This also means that the teams can provide ingredient predictions around the varying cultivation methods used to obtain certain ingredients. As well as this, we had to take the average weight of each ingredient into consideration to accurately address the Co2 emissions of the shipment process. This then allowed us to take ingredient origins into consideration and tag Co2 emissions accordingly, based on the location of the user.

Using this data, we had therefore established a way to pin-point, with a relative degree of accuracy, how much Co2 was needed to produce an ingredient and subsequently, the dish.

User personas

Now that we had established a quantifiable way of collecting the data, we needed to create user personas which would help to determine top level use-cases within the product. Using this type of technique without any user research might seem slightly redundant, but when referring back to the hackathon judgment criteria, this relates directly to Impact. We needed something tangible to make a start on the rest of the project channels and so, we felt that creating a couple of user personas could be a relatively quick way of doing so. Even if the output is slightly biased.

We developed three user personas, all with varying levels of product knowledge, environment consciousness and takeaway experience.


From the User Personas, we were able to define three separate user flows to meet the needs of our three different user types. Before creating the high fidelity prototypes for each, we spent some time mapping out each user flow using low fidelity wireframes. This was a relatively quick turn around and proved invaluable when it came to the design stage of the process.

We characterised our customer needs into three user flows:

User flow 1:
Create awareness

To create awareness around the programme, we designed a flow to showcase more information, incentives and user interactivity. Restaurants are tagged as ‘Low Co2’, which is highlighted within the homepage, and a tap-through page is shown. From here, the user is shown more information about what they can do to offset their Carbon Footprint.

User flow 2:
Search and filter

For users that are more conscious about the environment, we designed a user flow that would allow the user to utilise the Search and Filter functions that already exists within the product. This enables dishes and restaurants tagged as ‘Low Co2’ to be shown first in the search criteria.

User flow 3:
Inspiring change

Some restaurants will not show any eco-friendly dishes because of the nature of their food type or source. In an effort to utilise this feature, without upsetting any of these partners - we designed an option at the ‘Checkout’ stage of the user journey. This option allows customers to swap out their dish choice with a more sustainable food/ingredient product.

Branding and development

With our use cases addressed and wireframes completed, we were able to start to build out the branding and iconography into a working prototype. Just Eat’s aesthetic has just undergone a global re-brand, so we took these elements into account when addressing things like, colour, icons, type and illustration.

We opted to use a green colour for all branding of our hack for a couple of reasons: firstly, we found through our research that any kind of environment issues, stats, or changes within our competitor research, often used some kind of shade of green. We found that this is because green tends to fit the users mental model for what is either, vegan, vegetarian or environmentally conscious - so we found that this would be a perfect fit for our branding within the product.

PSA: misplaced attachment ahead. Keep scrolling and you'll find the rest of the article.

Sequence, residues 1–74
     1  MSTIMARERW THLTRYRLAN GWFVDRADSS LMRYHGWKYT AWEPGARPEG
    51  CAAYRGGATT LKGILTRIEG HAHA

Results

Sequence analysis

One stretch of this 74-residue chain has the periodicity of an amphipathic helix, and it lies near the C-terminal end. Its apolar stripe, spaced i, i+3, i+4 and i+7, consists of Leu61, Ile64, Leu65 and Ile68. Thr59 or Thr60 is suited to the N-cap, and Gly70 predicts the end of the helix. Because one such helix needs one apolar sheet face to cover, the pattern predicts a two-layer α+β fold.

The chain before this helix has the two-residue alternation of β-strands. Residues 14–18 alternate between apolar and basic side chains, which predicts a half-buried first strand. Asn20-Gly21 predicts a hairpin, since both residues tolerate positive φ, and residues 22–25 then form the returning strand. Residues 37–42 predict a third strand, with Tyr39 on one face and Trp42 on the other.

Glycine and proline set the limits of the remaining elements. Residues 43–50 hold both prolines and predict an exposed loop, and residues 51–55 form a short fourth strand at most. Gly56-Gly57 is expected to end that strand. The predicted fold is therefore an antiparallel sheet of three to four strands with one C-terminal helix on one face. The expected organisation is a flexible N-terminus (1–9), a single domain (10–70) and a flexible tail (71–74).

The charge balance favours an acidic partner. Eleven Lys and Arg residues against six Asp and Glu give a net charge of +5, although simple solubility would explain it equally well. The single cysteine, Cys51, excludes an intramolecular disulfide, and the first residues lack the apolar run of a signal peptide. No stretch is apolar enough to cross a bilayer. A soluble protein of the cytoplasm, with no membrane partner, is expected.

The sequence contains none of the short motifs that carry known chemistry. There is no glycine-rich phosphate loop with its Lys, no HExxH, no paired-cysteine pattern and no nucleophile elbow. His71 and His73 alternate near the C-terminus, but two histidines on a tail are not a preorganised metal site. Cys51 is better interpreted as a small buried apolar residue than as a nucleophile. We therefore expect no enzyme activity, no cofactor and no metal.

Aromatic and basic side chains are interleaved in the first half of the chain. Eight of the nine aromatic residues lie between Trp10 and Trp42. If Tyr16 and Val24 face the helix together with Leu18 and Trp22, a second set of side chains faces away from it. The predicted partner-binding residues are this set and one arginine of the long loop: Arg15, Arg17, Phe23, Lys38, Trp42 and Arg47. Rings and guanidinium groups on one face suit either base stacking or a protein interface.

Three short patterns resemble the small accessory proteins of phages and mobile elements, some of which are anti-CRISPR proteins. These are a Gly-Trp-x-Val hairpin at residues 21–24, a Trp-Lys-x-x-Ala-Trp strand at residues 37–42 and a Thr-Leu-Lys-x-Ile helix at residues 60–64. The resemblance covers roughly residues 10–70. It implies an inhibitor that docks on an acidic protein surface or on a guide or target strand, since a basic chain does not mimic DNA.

Secondly, throughout Just Eat’s rebrand, there was no use of the colour green at all within the guidelines. This meant that our product hack would be able to stand out amongst the rest of the branding and allow our Co2 programme to be accessed by the user more easily.

Project submission

With our research branding complete and our prototypes ready, we used the little time we had left to gather all of our research, discussion points, stats and designs and start to form the storyboarding slides for our submission video. Each team member summarised in one or two slides, their findings and research on their area of focus. We then drafted notes under each which helped inform the script for the video.

Once we had all of our information ready for the entire project, we went through several refinement stages to highlight the most important and relevant points. This also helped to cut down the overall time of the submission and leave as much time to showcase the working prototypes, which would take up around 30% of the video time.

Within our video submission, we were able to show the following:

We addressed the problem and outlined the potential business value in solving it. Showed how we were able to calculate a formula to allow this idea to scale. Developed a working prototype to show our idea in action. And showed the next steps from a technical standpoint which would allow accuracy to build on user trust.

Hackathon outcome

Our hack was a runner up to another couple of clever initiatives, but was granted special consideration as a mid/long term project for Q4/Q1 2023 with scope to be design and implement by Q2/3 2023.

Since my departure from the company, Just Eat Takeaway had partnered with My Emissions to take our hack and develop it into a working feature within all Just Eat products. The designs and technical implementation had been changed in order to be scaled across the business effectively. The feature uses 'Carbon Labelling' and rates dishes based on 5 levels. The formula for assessing the dishes carbon footprint remains the same as our original hypothesis, but categorises the dishes into ratings from A to E based on their impact to source, make and deliver to our customers.

You can read the full LinkedIn article or head to Just Eat's landing page which talks through the process in much more depth.